Posted in sewing

Burdastyle Letterman’s Jacket: 9/2014 #134

IMG_20171220_211316

**This post is a repost of my original entry. Due to some technical difficulties, I lost a year’s worth of blog posts. I will be adding photos in due time.

Last project of 2017 methinks! Fitting that it’s my favorite person’s Hanukkah gift!

Screen Shot 2017-10-20 at 6.11.39 PM

Jordan showed me the tweed Shinola Varsity jacket below a month ago and said how much he liked it. It was $500 — which I actually don’t think is too much to pay for US made product (I mean, it’s what I would charge AT LEAST). But, about $400 more than I would pay if I made it for him.

Screen Shot 2017-10-20 at 6.11.25 PM

He picked out his own fabric from Fabricmart and I settled on the September 2013 #134 Burdastyle varsity jacket.

-_2600x1320-ID332130-

At first I was like, that’s not a varsity jacket!  Where are the leather sleeves? It has a zipper not snaps! But, once I sewed the muslin I saw why they said varsity vs aviator or bomber. The sleeves are dropped like a varsity jacket and it’s much longer in the torso (and my boy has a short torso).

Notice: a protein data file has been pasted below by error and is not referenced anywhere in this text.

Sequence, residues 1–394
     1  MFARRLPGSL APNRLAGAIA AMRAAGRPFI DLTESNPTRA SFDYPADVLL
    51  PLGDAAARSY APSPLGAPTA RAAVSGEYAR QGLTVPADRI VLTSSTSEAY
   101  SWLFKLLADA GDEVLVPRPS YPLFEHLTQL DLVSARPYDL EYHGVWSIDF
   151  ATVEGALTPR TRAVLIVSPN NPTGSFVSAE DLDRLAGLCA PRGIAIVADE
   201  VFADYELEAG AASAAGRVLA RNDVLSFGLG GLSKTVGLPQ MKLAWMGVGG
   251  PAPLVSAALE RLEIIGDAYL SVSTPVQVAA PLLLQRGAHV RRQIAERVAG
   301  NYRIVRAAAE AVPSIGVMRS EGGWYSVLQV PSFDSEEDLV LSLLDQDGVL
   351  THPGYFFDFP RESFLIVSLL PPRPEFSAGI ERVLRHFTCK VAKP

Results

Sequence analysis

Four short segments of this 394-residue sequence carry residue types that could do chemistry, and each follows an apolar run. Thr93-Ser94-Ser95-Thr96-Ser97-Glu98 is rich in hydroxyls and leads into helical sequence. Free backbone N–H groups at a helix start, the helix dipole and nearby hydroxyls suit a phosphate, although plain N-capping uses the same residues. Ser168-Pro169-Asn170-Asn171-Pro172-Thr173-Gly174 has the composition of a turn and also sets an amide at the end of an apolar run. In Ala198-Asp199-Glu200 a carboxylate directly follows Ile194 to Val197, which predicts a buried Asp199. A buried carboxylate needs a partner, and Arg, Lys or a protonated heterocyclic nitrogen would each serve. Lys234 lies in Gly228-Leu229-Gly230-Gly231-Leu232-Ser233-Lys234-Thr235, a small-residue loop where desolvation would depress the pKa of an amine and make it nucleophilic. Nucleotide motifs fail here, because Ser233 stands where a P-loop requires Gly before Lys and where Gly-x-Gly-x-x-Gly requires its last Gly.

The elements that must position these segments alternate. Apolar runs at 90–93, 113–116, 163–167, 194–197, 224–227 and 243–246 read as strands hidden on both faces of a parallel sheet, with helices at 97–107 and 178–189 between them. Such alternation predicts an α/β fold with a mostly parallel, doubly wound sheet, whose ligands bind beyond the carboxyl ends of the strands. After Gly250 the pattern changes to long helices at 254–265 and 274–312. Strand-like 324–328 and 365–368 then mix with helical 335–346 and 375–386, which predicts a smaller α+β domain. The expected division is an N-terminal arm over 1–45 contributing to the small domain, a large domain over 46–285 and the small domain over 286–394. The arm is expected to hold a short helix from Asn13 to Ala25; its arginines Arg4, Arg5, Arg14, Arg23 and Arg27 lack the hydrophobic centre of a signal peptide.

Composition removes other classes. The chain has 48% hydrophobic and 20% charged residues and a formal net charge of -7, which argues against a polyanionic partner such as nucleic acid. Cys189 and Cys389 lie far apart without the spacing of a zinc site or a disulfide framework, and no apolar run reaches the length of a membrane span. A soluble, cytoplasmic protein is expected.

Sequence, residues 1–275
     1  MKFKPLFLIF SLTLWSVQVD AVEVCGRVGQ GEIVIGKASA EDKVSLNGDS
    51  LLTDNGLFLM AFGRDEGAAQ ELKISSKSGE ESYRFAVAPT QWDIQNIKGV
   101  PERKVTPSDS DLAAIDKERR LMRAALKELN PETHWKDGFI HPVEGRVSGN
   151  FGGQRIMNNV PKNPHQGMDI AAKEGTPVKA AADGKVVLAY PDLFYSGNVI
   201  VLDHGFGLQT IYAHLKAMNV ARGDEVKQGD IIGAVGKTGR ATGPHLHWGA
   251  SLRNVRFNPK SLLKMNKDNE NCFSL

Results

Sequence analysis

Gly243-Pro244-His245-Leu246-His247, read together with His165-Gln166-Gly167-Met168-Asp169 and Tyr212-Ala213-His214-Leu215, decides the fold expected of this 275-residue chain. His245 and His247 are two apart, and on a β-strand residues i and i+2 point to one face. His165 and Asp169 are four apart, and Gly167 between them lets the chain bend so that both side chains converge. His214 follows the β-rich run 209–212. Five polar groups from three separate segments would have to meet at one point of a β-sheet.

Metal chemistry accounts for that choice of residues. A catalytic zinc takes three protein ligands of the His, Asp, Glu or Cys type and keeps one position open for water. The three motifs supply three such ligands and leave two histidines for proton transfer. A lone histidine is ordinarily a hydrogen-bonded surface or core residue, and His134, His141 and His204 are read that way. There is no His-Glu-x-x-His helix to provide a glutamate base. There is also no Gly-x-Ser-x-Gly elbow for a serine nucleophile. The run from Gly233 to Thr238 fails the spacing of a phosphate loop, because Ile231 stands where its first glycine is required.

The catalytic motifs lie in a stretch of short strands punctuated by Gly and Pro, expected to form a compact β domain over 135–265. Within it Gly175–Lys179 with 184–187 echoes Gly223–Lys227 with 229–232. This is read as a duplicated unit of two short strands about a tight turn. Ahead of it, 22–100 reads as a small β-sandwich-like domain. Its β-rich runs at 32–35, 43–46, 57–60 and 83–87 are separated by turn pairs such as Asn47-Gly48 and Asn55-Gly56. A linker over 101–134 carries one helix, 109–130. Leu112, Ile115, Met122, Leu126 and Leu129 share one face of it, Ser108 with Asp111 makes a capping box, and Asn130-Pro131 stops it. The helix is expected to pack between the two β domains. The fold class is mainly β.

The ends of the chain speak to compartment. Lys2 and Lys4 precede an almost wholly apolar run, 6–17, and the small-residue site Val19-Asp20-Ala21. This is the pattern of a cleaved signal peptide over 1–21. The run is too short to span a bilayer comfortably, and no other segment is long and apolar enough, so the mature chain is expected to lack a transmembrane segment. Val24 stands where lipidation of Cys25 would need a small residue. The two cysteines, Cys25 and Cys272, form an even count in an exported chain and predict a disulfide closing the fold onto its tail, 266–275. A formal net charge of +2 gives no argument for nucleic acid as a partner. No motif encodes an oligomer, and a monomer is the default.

IMG_20171121_220905

I decided to make a muslin because I’ve only made him one semi-fitted outerwear garments (this Hot Patterns jacket from three years ago) and am I glad I did. I HATE HATE HATED the shoulders on this. Those folds at the armscye made me want to scream.

IMG_20171121_220826

Blech. Look how long the shoulders are!  Looking at the original photo on the model I can see that they are long/ wide. But, this looked sloppy to me. And, I wanted a more fitted aviator style (in truth, maybe I should have gone with this Burdastyle from 12/2015 #125).

IMG_20171121_223138_587

The first thing I did was narrow the shoulder sleeve by 1″ making it more an extended shoulder rather than dropped. The nice thing about using this thick old blanket for the muslin is I could really get a sense of how the fabric would work in wool.

IMG_20171122_202428

Than, taking advice from Instagram, I saw Jordan has sloped shoulders. I really think he has overdeveloped traps with short shoulders rather than technically sloped. But, semantics.

IMG_20171122_203924_257

Jordan’s chest is 44″ which puts him in a Burdastyle men’s 56. His shoulders are 6.25″ long and his waist was between the 50/52 size (I went with 52).  I also shortened the jacket by two inches in the second muslin (I just made edits to the first muslin).

IMG_20171220_211441

Here’s the back now with the shortened shoulder and a 1/2″ adjustment for sloped shoulders. I figured out his shoulder drop by using my level and comparing his drop to that of the pattern. I felt rather clever for having thought of that and it worked! Those horrible folds are mostly gone and the shoulder seam is sitting now where it should. Thanks smarter people than me on Instagram!

Lining